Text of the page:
semi-aquatic egg-laying mammal of action
I solemnly swear I'm up to no good
I suppose I was 13 or so when I first played this game with a group of friends. A friend of a friend of mine had purchased an early version from the designer himself. The board was made of thin poster board and the oversized cards with questionable artwork were a little worn and torn…but I wouldn’t have had it any other way. Looking back, I had some of my most enjoyable and memorable gaming experiences with this game. Part of it, I’m sure, is sentimental. But a large part was the game itself. Many more years than I’d like admit later….I found and purchased the ICE version of the game on Ebay. That’s the only version that I’ve ever seen available, so that’s the version I’ll review.
1) The Game Components. If you’re lucky enough to get the entire set, you’ll find one full colored, mounted, puzzle-cut board (6 pieces), one set of rules, one set of advanced rules, eight plastic playing pieces, 96 playing cards, and one six-sided die. The board is very hearty and well-made. The cards are undersized (about two by three inches). I usually play with them sleeved with magic-card backings so that they’re easier to handle.
2) Mechanics. I won’t go over the rules too much because they’re online on this site. But I did want to touch on the mechanics and what makes the game enjoyable. To begin the game each player chooses one of eight characters. There are four Hobbits (Frodo, Sam, Merry, and Pippin) and four Black Riders (cleverly named Black Rider 1-4). Depending on the number of players, my group will either select characters, or draw them randomly. I’ll explain that in a bit. The idea of the game is simple. Acquire the Ring card, make it to a designated space on the board, and sit for a turn. Since my group never had the official rules, we’d always sit for three turns…which could make for a pretty long game. You can only have 10 cards in your hand at any time, so you must choose them carefully. Your hand hits the limit pretty quickly. There are various cards that give you insight into other players’ hands, allow you to travel to various places on the map, draw more cards (or take your opponents’ cards), and/or give you “Battle” points to use during altercations. Interesting dynamics start to play out between the Hobbit and Black Rider characters during gameplay. You can attack any character that is adjacent to you or on your space. If you are a Black Rider and are attacking a Hobbit, you always attack with Evil army cards and the Hobbit defends with Good army cards and vice versa. However, if you are attacking a character of like-kind, you always use the opposite type of battle card to attack. The other player still uses his native cards to defend. So throughout the game, you may find yourself assisting your like-minded “friends”, but when there can truly be only one winner, there comes a time to turncoat. It makes it very difficult to play with all Hobbits or all Black Riders because each player would need to collect evil and good battle points…which would use up valuable space in your hand. And it’s much easier in a 3+ player game to be the only hobbit or the only Black Rider. It isn’t necessarily easier to win, just easier to play. So, for 3 player games, the group will randomly select from two like-kinds and one opposite. For 4-player games, we’ll agree to use 2 from each side. Nearly every round involves some type of interesting player interaction. Whether it’s trying to get a peek at someone’s hand or using the Gollum card to steal the Ring, this game is chockfull of entertaining interactions among the players. I think that’s the real draw for me…which leads me to…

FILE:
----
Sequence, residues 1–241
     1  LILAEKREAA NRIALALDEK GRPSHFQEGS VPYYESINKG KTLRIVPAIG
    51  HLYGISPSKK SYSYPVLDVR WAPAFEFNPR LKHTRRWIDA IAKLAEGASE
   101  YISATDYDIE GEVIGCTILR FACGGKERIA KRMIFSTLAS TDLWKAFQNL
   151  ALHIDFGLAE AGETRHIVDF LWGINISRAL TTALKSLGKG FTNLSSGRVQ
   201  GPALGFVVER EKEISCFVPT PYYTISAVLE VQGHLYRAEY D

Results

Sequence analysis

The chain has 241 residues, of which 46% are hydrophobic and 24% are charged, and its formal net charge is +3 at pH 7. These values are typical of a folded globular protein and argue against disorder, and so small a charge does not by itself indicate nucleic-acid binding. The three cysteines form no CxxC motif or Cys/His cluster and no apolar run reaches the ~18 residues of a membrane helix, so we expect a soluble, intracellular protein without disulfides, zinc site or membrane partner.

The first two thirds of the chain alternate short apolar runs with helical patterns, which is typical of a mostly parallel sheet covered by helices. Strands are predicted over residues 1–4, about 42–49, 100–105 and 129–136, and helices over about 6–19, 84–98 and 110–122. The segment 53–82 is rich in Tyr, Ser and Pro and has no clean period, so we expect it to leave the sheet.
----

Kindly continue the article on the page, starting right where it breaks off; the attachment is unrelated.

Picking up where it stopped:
3) Fun Factor. I think my opinion of this game is 1 part nostalgia, 1 part actual. There are truly very few games that I’ve enjoyed over the years as much as this one. What makes the game so fun? The premise is simple. The cards are simple. There’s very little strategy involved. But there is a ton of player interaction. And I think if you can accept the game as being light in the strategy and depth department, and focus on the player interaction, you’ll understand what this game is all about at its heart and can enjoy it for what it is.
Fun Factor: 9/10